boys' Blue Express wagons will be
placed on sale Friday at the prices
quoted below. They,, have extra
heavy wheels, loup grip, bent handles
and hub caps and are the very high
est grade of boys' steel wagons.
Made( principally, for service.
$2.00 wagons with ' 12x24-tnrh
bodies and 8-inch and 12-lnch
$2.25 wagons with 1 3x26-1 nch
bodies and 10-inch and 13-inch
$2.50 wagons with 14x28-lnch
bodies and 11 -inch and 14-inch
wheels .... .$1.59
$2.75 wagons with 15x30-lnch
bodies and 12-inch and 15-inch
75 dozen star cut heavy tumblers;
an especially high grade sm
of cutting; regular price, I C
$3.98 dozen; Friday, each.
This great collection em
braces Romney carbons, elec
trotones, ' albumens, green ,
carbons and' royal photo
graphs in all sizes from 7x9
up to 32x48 inches. .
They are ' the best repro
ductions from the old mas-'
ters, while a few prints of the
most noted buildings in this
and the old countries are in
cluded. " ; : ;
All are priced at less than
half, the eale markings rang
ing from. ! '
25c to $10
One lot of 27-inch embroidered
Swisses in checks & dots; r
15c and 19c values, at... i "ZC
Hemmed ' bed spreads, the right
weight for summer cover; regular
sale price $1.00, Friday, r7f
Table Lin en at 33c
6 4-lnch mercerized table linen ; a
variety of patterns to . ; . Q o
choose from; 45c values.. JJC
36-inch art cretonnes, la all light
colors; 19c values, the f A
Seamed- Bed Sheets
72x90 seamed bed sheets; Ben
nett's price 65c each, 0f
Friday at. ............. OvC
New Patterns in
2 7-1 nch dress ginghams in light
and dark stripes . and ' checks ail
new patterns; 10c values,
76 hardwood clothes pins; all per
fect goods-none de- . . mm '
livered except with other..
wen jBmtmxg ttes ; litem nBttetfJ. At lira
lihttter oadh waa -rauitxil but llv.
i Call, ths moiatgsT, ksH J&HDaattxli oawar
1H0 -at 5 3Jaib14c tatt eftwmmB stjpards
UinwAff S3 .ucttw. I'alt tmorh butt
KStimil ttt- any dtlerr tfate:.
, China ItUin in THaOl G.iimfc:.
CHAHPELlU K July 3r-(CfftBnJtal
:'lataetBTn,)-rnB -small .grain rmjp rn tliba
county is idw' pratttodliy BrtumU ter
yxmll .a anitttt Wtth ties twinhciii .rain
wnhtti3all bant :ISitt -and m.latlf huBi titn
JS111S1XKQS. NfttJ., July 1 (Special',)
hn finwrdl tt Mrs. Hfren Rfdgall Who
commtttcd sufe&Se but Sunday by iwat-
ttsg, rms fetal ytrnisy afttmoan at tita
ittm(lltt ehuTttj. burfal at tfee AlUamee
entry. Rev. Olm H. Bakr offretaMfl.
severe fisticuffs and more or less violent
language. A complete hearing has been
had, it Is stated, by the authorities of
the home. It Is also reported Mr. Van
ness will bring the case into the local
courts on a complaint again Jefferson.
NATIONAL PRESS PARTY
EXTENDS ITS SCHEDULE
Plat Ion ff". at Hoik.
GRAND ISLAND. Neb., July J.-CSpe-clal.)
During a game of cards an alter-
caticn a row at the Soldiers' home be
tween Thoana Jefferson, a negno mem
ber. ed C. C. Vuets, a well knirwvi
mtetbrr of Lee home, which resulted tn
MITCHEIJU S. D., July t-(Spedal
Telegram) On the last stage of their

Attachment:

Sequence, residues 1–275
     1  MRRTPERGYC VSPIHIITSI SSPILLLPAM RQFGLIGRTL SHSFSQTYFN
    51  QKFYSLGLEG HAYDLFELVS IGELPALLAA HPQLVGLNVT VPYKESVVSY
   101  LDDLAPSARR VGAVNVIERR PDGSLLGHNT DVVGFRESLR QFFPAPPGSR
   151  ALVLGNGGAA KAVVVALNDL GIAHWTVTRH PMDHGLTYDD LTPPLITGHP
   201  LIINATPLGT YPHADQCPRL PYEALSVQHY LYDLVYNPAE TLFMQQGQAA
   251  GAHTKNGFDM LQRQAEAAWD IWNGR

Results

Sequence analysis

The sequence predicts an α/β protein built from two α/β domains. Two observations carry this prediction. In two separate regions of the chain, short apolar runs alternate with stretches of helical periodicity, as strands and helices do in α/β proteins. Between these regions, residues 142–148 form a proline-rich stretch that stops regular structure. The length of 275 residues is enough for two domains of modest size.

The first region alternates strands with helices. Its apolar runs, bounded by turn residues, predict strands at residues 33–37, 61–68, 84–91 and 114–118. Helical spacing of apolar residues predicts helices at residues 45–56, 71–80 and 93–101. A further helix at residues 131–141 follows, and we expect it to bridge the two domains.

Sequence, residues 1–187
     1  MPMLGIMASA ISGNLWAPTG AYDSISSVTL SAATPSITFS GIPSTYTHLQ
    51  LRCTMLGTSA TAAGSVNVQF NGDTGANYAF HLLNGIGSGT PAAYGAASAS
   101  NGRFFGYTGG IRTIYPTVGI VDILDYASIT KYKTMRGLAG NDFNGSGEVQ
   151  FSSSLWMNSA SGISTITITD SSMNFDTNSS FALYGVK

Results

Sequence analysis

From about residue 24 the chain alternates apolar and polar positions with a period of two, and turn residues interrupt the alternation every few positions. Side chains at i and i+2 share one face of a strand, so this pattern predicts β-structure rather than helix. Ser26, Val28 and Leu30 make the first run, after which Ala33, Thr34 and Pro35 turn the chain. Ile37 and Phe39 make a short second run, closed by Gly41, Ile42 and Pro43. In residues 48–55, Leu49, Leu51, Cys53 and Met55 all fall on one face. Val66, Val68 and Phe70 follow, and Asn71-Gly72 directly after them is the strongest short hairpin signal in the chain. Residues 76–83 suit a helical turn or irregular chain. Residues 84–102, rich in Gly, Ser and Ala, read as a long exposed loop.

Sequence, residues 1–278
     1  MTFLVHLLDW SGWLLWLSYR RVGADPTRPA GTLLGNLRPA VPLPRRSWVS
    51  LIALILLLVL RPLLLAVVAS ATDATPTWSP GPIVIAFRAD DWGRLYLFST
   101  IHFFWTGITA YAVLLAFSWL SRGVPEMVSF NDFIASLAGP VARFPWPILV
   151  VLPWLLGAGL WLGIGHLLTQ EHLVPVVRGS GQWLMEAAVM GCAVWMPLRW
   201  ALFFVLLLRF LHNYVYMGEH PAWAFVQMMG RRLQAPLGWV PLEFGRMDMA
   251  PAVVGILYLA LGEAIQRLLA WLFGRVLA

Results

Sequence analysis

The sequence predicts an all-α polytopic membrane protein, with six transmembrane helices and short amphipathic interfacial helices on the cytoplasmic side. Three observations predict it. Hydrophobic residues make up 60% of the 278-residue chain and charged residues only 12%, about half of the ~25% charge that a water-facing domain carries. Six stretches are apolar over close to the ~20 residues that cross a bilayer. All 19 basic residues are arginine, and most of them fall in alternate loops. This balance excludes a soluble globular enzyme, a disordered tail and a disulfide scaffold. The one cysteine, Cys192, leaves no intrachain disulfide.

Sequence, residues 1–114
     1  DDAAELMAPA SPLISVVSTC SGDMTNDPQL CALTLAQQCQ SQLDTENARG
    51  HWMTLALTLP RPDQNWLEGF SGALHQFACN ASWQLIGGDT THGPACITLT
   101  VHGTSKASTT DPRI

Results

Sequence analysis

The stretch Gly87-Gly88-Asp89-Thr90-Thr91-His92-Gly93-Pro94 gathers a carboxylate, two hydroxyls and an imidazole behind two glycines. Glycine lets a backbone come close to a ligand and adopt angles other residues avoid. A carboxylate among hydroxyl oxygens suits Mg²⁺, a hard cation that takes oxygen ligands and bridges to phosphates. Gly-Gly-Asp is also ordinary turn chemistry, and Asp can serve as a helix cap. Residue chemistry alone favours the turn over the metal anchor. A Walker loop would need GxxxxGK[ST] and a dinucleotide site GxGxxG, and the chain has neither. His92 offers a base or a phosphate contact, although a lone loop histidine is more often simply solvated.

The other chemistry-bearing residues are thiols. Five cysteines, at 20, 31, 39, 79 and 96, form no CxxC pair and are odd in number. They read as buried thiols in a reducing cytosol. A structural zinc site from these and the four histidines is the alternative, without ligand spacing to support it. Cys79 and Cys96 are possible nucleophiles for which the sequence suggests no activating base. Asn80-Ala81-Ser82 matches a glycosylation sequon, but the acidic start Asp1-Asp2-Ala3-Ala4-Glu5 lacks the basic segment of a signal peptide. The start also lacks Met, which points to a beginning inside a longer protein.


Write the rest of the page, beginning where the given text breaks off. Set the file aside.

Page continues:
Journey UrrowTh 8outh Dakota til
National Press association party reached
Mitchell this morplag at 19 o'clock and
remaSneJ here acta 1 o'clock extending
their time ncaitr two hours over the
The party u grvai .as anto rtfle ever
the dity bitG at: nutin a luncheon was
servefl ffi ties Corni JSBtact butiatng Is
Mayor Hitchcock gav the address tit
welcome and he was responded to by
Mrs. C. K. Nevln, of Laurel, Neb. "Whpn
the party reached Mitchell it was decide!
by tlto men tlwt the ladies ahouM be
put in Ut foragrounid with Mre. P.. B.
I uwwaeLi, aa nnunwn. . auuithcb were
made by Mrs. 8. V. Merritt, of Lostan,
Ills. Mrs. Rose Colby, of Chicago, and
a double quartette of ladies sang a tri
bute to the women of South Dakota,
which was composed by Mrs. Alice
Bartlett, of Detroit.
C. H. Neff, of Anderson, Ind., and
E. W. Caldwell, of Sioux City, spoke.
A pleasing incident was the presen
tation of a diamond shirt stud to secre
tary Geo. Schlosse, a gold headed cane
to President DowdeU and a naclaoe to
lis rtim-f vrrtao.
TA2CTCTOK S. D... itHj l-BswtUi-
Aa lntcrting wte&f wefiflmg that trot
ji'.-aoe siepe Tuesftar waa the maxrttacic -wt
Kiiiss JeeHi Enperton and V;. X. BL
Aiartln ftl Duiuflh. 5!be b-,;ith;, a vaiy
popular young woman here, hi the e'lU--
est daughter or Mre. K. G. Eiicurton, fur
a number of years postmaster at Tank-
ton, until quite recently.
Miss Elate Llndet, daughter of Martin
Xinder, atul Mr. .Juhti .E, Hurt, Jath ot1
Council Bluffs, were married by Rsv.
Charles W. Savidge at his residence Tues
day evening at 8:80. They were accom
panied by Mr. Morse Welch and Mist
Emma Bali. .
FALLS CITY, Neb., July t (Speclal.)-
Mlss Anna Adams of Chicago and Frank
E. Smith of St Louis were married at
the home of the bride's sister, Mrs. O. E.
Johnson. The wedding oeremony was
performed by W. M. Adams. After a
honeymoon trip the couple will be at
homo In St. Louis August L . Out-of-town
guests were W. M. Adams and wife of
Alnsworth, Neb., and M. N. Adams, wife
and son of Lincoln.
Aiutm OL ConaeQ etod as the fltcaSr
home. FlftHWr . aikd BjiaMlng streta,
Tuesdar eveninc alver a nagerlnr luoeM
of four months of a complication of
The deceased is ourrtrefl by hte wH
and six children. He 3iafl Ced la Omalm
twenty-eigiKt years .anfl heea .aa ta-
ploye of the Union Pacific shops for th
last twenty-six years. ' Ho was a charter,
member of the Ancient Order of Unite t
Workmen, No. 19 and had a wide olral
of friends. : ,s i
The funeral will be held Friday morning
at 8:30 from ths residence to lb Bar-
r art's church, i Benson, , at 80. Bev
Moriarty will of flciaU at rtquiem high)
mass. Interment will bo in Holy Sopul
cher cemetery. 't '
DR. M'DONALD SAYS " !
' I HARRY. THAW IS INSANE
WHITE- PLAINS, N. T July t-Dr
Carlos B.' MacDonaM. Insanity experts
formerly a member of the state tanaey)
commission, testified . today, that - Harry
K. Thaw is lnsane-a paranoia. ; !
Wn1& the release. of. Thaw be danj
gerous to. the public safety?":.
"In my opinion it would," Dni
"Would' It be dangerous to Thaw or
o others?" .. :i:,.f;- , ,
To others." . . '. . : ,
Key to the Situation Bee AdrertMiix.